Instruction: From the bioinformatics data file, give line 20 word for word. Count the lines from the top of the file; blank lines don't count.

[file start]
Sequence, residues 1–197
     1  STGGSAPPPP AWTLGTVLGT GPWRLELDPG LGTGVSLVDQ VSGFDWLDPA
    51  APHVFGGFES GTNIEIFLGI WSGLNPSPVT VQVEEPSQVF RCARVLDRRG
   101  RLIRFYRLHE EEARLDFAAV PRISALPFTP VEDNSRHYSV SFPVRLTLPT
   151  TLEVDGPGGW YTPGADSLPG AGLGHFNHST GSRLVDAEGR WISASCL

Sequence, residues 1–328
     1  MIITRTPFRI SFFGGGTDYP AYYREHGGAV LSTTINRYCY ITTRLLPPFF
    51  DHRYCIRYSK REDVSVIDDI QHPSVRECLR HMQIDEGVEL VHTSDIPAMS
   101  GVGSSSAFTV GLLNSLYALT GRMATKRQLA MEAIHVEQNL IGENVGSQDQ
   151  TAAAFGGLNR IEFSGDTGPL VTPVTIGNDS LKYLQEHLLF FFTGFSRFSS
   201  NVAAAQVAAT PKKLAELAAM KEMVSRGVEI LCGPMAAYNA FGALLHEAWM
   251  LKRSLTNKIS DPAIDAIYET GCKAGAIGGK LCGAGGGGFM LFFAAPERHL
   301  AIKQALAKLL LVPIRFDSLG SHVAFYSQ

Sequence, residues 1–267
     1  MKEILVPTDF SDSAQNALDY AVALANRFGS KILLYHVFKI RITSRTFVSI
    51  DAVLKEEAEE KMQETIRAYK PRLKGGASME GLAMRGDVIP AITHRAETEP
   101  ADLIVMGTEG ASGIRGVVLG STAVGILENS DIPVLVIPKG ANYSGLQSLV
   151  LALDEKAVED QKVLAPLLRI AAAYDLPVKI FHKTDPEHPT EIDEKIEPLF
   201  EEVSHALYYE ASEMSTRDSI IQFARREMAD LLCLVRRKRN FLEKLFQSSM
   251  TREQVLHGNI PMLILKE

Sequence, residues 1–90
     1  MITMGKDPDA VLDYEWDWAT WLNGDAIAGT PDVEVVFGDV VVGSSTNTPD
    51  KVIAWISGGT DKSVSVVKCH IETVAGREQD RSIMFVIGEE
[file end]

   251  TREQVLHGNI PMLILKE